Reviewed by: Thaisha Geiger
“Take the Lead,” “The Forgotten,” “Radio,” “K-PAX”
“AVP: Alien vs. Predator,” “Something New,” “Out of Time”
“Kiss, Kiss, Bang, Bang”
“The Sixth Sense,” “The Grudge,” “Anacondas: The Hunt for the Blood Orchid”
Cole Hauser, Taraji P. Henson, Robin Givens, Tyler Perry, Kathy Bates, Sebastian Siegel, Santana Pruitt, Kaira Whitehead, Ron Clinton Smith, Jeffrey Alan Chase, Johnell J. Easter, T. Alan Brown, Mark Adam, Eric Goins, Jeff Rose, Michelle Keller, Andrew Hyatt Masset, Jason MacDonald, Todd Coley, Crissy Collins, Benjamin Brown
|Producer:||Roger M. Bobb, Karen Gorodetzky, Michael Paseornek, Tyler Perry|
“Business is like family. Keep your affairs in order.”
By just simply reading the film’s title, a viewer might believe that Tyler Perry’s newest film takes a raw look into the impending disasters of extramarital affairs. While the film does offer a look into how such a selfish act can be damaging, this glimpse, instead, renders itself into a generic soap opera.
The film begins with the wedding of Andrea (Sanaa Lathan) and her soon-to-be husband Chris (Rockmond Dunbar). Chris is obviously in love with his wife and only briefly has cold feet. While across the hall, Andrea selfishly complains about having to wear her mother’s wedding dress and is against the woman who is paying for her wedding.
Alice (Alfre Woodard) is Andrea’s mother and a humble Christian. For over thirty years the hard-working mother has been good friends with Charlotte (Kathy Bates), a rich Southern business woman. Charlotte was happy to pay for Andrea’s wedding, since her own son, William Cartwright, eloped.
At the wedding, there is much tension brewing between Charlotte and her son, William. It quickly becomes apparent that a loving mother-son bond does not exist. All is forgotten when William lustfully sets his eyes on Andrea. He offers her an accounting job after she graduates. The story then forwards four years when Andrea is now a successful accountant and selfishly wants out of her marriage. Alice and Charlotte go on a road trip together.
Written and directed by Tyler Perry, “A Family that Preys” stars a talented cast. Kathy Bates and Alfre Woodard have amazing chemistry together. Their friendship scenes are convincingly portrayed, and their friendship seems genuine. While the entire cast helped with the film, a strong script was missing.
Right from the beginning, an affair is obvious. Andrea’s cold to her husband, completely sadistic in how she speaks to him, and stays late in the office. She even calls her husband ‘stupid’ and repeatedly tells him that he will never be like William Cartwright. It seems as if Perry wanted to see how much the audience could take of Andrea’s condemnation of Chris. These signs and even more obviousness are thrown right in front of Chris. However, he still somehow remains oblivious to his wife’s infidelities. Even when Andrea sneaks out of a party to secretly meet with Cartwright, Chris never second guesses. This repetition becomes annoyin,g as it is continuously recycled.
This film had relatively moderate cursing. I counted about 12 uses of the milder ones. There are no sex scenes and kisses are tastefully done. The affairs occur off screen (except for a brief kiss scene). I do not advise younger children see this movie, since the entire film has an adult theme of marriage and adultery. The way Andrea speaks to her husband would not be ideal for any young children to learn from.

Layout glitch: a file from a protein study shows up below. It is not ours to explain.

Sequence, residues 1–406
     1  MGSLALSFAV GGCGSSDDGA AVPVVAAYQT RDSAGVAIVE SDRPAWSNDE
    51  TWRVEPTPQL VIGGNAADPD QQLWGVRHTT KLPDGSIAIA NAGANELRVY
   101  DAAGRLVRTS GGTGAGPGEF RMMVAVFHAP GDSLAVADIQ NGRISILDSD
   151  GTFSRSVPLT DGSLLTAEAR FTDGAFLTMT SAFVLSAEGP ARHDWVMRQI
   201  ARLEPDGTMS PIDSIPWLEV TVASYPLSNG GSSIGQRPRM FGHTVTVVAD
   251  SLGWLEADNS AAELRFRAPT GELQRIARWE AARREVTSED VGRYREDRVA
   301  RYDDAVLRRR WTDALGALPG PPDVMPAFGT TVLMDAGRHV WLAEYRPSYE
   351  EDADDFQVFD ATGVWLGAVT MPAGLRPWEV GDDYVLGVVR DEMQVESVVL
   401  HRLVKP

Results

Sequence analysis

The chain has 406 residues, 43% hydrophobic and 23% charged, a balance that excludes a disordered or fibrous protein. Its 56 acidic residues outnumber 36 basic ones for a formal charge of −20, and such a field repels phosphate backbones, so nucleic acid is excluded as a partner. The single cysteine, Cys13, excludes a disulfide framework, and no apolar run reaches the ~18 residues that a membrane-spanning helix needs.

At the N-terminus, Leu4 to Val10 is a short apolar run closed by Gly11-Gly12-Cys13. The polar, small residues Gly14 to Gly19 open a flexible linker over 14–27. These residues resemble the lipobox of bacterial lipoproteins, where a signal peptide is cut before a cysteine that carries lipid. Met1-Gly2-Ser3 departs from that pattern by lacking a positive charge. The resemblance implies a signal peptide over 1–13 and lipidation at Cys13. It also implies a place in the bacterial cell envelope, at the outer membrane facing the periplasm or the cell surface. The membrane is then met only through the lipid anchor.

During their road trip, Charlotte tries to influence Alice into drinking at a country bar. She also pushes her into going into a male strip club. However, I found it so awesome and refreshing that in the first temptation Alice only drinks water, while Charlotte drinks tequila. While they are in the male strip club, Alice rebukes the men with holy water and the Bible. This scene was humorously done. The men were only shown shirtless.
When Chris finally does find out about the affair, he asks Andrea how she could do such a thing. The camera zooms in when she proudly states that Cartwright is her man. Out of nowhere, Chris violently backhands her until she falls over a counter. The audience in the theatre applauded. This is nothing to be celebrated. Did she treat her husband viciously? Yes, she did. By the world’s standards did she deserve to get slapped? It seems so, judging from the theatre’s reaction. However, Paul did write “for the wisdom of this world is foolishness in God’s sight.”
It often saddens me on how people who do not personally know Christ as their Savior will naively assume that Christianity is a violent religion or a religion that opposes women. When, in fact, Christianity is the most loving. God’s commandment for how married couples should treat one another would be the best foundation for any loving, successful marriage. In Ephesians 5, Paul writes a great deal on how husbands and wives should treat each other. Firstly, God commands married couples to “submit to one another out of the reverence of Christ.” Wives should “submit to your husbands as to the Lord.”
He also commands husbands to “love your wives, just as Christ loved the church and gave himself up for her.” Since Christ was the perfect example of love. We all should follow His example, not Hollywood’s glorification of domestic abuse.
The movie does have some good Christian themes. The character of Alice is one of the best examples of a Christian woman I have seen on the big screen. I loved how she was not hypocritical, condemning or a radical. Instead she was loyal, compassionate, and honest. The film’s biggest downfall was that it focused too much on the negative relationships and only gave the audience a brief view of the results. I do not personally recommend the film.
Violence: Moderate / Profanity: Moderate / Sex/Nudity: Mild
See list of Relevant Issues—questions-and-answers.